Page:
Wenchao Lu, Milka Kostic, Tinghu Zhang, Jianwei Che, Matthew P. Patricelli, Lyn H. Jones, Edward T. Chouchani, Nathanael S. Gray
RSC Biol. Chem. 2021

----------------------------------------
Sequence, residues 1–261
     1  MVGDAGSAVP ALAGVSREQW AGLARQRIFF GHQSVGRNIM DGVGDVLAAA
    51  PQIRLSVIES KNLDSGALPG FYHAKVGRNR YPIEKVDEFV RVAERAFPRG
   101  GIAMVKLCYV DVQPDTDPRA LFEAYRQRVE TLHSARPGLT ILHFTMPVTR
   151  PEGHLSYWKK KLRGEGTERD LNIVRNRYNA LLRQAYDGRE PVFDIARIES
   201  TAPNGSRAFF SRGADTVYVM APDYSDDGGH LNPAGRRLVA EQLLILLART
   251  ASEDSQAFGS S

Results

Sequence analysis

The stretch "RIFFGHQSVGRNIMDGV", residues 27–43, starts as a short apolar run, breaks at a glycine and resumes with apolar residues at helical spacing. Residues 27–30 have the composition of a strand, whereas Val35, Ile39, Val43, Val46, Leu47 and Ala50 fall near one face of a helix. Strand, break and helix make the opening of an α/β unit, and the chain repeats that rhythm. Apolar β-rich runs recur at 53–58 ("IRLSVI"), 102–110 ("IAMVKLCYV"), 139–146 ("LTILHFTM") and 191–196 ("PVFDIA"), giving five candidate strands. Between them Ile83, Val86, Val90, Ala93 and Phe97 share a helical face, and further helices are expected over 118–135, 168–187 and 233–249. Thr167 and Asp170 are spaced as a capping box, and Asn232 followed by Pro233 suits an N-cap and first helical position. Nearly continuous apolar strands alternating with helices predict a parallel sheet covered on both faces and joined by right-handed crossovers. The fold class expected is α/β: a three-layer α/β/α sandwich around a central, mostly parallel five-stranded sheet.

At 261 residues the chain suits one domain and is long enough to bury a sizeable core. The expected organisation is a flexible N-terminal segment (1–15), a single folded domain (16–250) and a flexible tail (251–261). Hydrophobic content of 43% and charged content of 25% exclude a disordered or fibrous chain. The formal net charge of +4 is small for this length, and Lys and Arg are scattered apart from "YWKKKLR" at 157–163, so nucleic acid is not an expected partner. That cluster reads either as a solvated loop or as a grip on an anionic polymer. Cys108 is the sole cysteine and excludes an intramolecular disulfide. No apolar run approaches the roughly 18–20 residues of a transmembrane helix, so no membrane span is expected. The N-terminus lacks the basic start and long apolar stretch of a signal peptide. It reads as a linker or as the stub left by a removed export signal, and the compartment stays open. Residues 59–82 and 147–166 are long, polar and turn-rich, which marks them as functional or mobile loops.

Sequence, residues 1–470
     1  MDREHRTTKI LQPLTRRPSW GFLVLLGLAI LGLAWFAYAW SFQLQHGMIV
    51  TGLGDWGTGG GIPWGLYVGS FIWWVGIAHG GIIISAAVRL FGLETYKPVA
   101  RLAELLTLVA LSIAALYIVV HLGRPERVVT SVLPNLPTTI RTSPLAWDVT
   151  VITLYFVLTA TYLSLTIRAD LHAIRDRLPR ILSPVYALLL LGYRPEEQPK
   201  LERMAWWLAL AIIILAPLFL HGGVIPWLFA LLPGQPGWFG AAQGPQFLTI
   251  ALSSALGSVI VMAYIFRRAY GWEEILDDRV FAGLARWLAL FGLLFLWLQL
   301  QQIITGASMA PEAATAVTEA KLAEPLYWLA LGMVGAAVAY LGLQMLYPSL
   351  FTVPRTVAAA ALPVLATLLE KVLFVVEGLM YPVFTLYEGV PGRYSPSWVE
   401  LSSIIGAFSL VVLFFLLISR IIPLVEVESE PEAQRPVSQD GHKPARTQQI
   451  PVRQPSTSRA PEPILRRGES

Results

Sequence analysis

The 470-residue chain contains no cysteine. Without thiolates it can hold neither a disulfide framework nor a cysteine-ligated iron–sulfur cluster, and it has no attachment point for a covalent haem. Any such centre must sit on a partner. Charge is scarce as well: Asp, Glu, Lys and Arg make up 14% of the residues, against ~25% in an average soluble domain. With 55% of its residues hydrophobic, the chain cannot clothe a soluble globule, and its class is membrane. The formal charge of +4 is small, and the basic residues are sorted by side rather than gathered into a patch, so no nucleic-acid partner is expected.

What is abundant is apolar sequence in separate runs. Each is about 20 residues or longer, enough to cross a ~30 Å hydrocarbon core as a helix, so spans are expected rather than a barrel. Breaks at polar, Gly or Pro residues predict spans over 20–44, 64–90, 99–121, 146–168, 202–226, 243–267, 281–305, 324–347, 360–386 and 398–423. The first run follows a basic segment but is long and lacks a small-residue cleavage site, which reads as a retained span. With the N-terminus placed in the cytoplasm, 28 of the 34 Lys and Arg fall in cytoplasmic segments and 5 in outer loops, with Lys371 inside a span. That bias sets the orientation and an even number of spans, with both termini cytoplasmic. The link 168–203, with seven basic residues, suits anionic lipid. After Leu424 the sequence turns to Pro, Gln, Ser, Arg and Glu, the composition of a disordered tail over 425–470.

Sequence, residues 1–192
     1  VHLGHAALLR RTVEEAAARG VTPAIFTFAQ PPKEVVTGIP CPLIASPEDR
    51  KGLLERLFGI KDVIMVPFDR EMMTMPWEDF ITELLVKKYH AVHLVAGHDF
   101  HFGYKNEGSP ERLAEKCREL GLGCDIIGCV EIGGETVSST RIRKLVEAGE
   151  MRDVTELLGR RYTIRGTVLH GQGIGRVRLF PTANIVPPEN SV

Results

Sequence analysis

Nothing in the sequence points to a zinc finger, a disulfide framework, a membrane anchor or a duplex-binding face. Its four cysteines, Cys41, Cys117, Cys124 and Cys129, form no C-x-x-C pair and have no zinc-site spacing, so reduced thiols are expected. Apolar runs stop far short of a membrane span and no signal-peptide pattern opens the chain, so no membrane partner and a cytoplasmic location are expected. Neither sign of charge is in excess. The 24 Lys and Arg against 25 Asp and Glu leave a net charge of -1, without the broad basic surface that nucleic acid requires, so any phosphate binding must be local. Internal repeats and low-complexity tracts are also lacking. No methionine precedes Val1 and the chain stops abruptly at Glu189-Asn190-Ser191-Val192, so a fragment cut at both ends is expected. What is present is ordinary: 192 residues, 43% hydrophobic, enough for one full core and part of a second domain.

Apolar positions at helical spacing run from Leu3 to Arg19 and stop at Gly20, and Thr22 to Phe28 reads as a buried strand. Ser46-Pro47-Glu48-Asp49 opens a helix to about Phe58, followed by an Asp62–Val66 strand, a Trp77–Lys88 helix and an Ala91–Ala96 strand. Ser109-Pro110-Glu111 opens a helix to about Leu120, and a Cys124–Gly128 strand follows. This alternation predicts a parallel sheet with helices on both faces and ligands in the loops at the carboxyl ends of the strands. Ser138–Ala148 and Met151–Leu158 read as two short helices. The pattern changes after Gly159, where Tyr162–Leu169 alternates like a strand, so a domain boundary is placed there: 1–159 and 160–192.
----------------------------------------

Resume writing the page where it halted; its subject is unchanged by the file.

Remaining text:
Targeted covalent inhibitors have regained widespread attention in drug discovery and have emerged as powerful tools for basic biomedical research. Fueled by considerable improvements in mass spectrometry sensitivity and sample processing, chemoproteomic strategies have revealed thousands of proteins that can be covalently modified by reactive small molecules. Fragment-based drug discovery, which has traditionally been used in a target-centric fashion, is now being deployed on a proteome-wide scale thereby expanding its utility to both the discovery of novel covalent ligands and their cognate protein targets. This powerful approach is allowing ‘high-throughput’ serendipitous discovery of cryptic pockets leading to the identification of pharmacological modulators of proteins previously viewed as “undruggable”. The reactive fragment toolkit has been enabled by recent advances in the development of new chemistries that target residues other than cysteine including lysine and tyrosine. Here, we review the emerging area of covalent fragment-based ligand discovery, which integrates the benefits of covalent targeting and fragment-based medicinal chemistry. We discuss how the two strategies synergize to facilitate the efficient discovery of new pharmacological modulators of established and new therapeutic target proteins.